LOUISVILLE, Ky. (AP) -- A Kentucky hospital that was once the last stop for thousands of people sickened by tuberculosis is now a popular haunt among ghost hunters and paranormal enthusiasts who say some of the former patients still lurk behind creaky doors and in lonely patient rooms.
The public can tour the Waverly Hills Sanatorium in Louisville, including the underground tunnel where the dead were once hauled away, their bodies often rejected by relatives terrified of contracting the disease.
"When you have that kind of death, you can't help but to think there might be a spirit lingering around that just isn't happy," said Charlie Mattingly, who owns the building.
Waverly Hills is listed alongside other vacant institutional buildings — like the Eastern State Penitentiary in Philadelphia and West Virginia's Trans-Allegheny Lunatic Asylum — that have become a popular destination for ghost hunters, thanks to a chilling real-life history. The site also has been featured on several ghost and Halloween-themed television shows.
"It's almost an everyday occurrence here when we have the overnighters come in, they all claim they see apparitions, ghosts, shadow movements, things like that," Mattingly said.
Mattingly, whose father worked at Waverly Hills, said he has records showing thousands died at the hospital before it was closed as a TB facility in 1961 after the development of antibiotics that could treat the disease. The hospital was one of many built in the early part of the 20th century for patients of tuberculosis, who were highly contagious and needed to be isolated from the general public.
Mattingly and others who now operate tours at the site said Waverly Hills has a few popular ghost legends that generate the most inquiries from visitors. They include the stories of a nurse who committed suicide on one of the upper floors; an angry, unwelcoming older male; and the spirit of a small child nicknamed Timmy, who plays with balls that are placed around the hospital.
Mike Flickner, a guide and paranormal investigator at Waverly Hills, said he has been convinced for years the place is filled with spirits of the dead.
"I've locked doors before and watched them unlock themselves and open up. I've seen a tub of concrete slide by itself," Flickner said.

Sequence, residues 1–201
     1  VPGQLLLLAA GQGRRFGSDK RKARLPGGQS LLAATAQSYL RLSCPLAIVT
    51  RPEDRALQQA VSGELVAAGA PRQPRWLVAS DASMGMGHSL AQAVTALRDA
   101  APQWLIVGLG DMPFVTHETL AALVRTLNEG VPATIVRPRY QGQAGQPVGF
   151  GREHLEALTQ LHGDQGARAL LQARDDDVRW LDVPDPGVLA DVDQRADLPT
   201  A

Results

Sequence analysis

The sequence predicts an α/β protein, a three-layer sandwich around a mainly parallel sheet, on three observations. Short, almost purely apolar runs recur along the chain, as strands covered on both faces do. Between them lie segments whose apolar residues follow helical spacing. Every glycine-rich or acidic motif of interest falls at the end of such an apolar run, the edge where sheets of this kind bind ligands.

Flickner and Mattingly acknowledge that some of the so-called sightings by visitors could be a case of the imagination playing tricks in a spooky place.
During a recent tour of the grounds that included the underground tunnel known as "the body chute," Flickner explained that the infamous passage was used to wheel dead patients away at night so the living residents would not see them.
"The doctors felt that, with the amount of death that was happening here at Waverly Hills, more patients were probably dying from a lack of hope rather than TB itself, so they had to come up with a discreet way to dispose of the bodies," he said.
The tunnel, pitch dark even on the sunniest day, doesn't require an accompanying ghost story to elicit chills. The knowledge that it was once a passage for people who suffered and died during a long-gone epidemic make the long, concrete walls unwelcoming all on their own.
Mattingly has big plans for the building he bought in 2001, but a dream of turning it into a hotel and conference center is on hold for now. He said he would need to raise several million dollars and tax breaks to get the construction going.
The old building continues to draw ghost-hunters and the curious for tours that can range from two hours to an overnight stay that costs $100.
Mattingly said back when he bought it, he dismissed the idea of ghosts roaming the halls of the hospital.
But now, "when you're around it and you actually see this stuff, and people can't explain it — I mean, there's some things we can explain but many we can't — you start to wonder, Is there something about a spirit that stays around?" he said. "It could be true."
Associated Press reporter Shirley Smith contributed to this report in Louisville.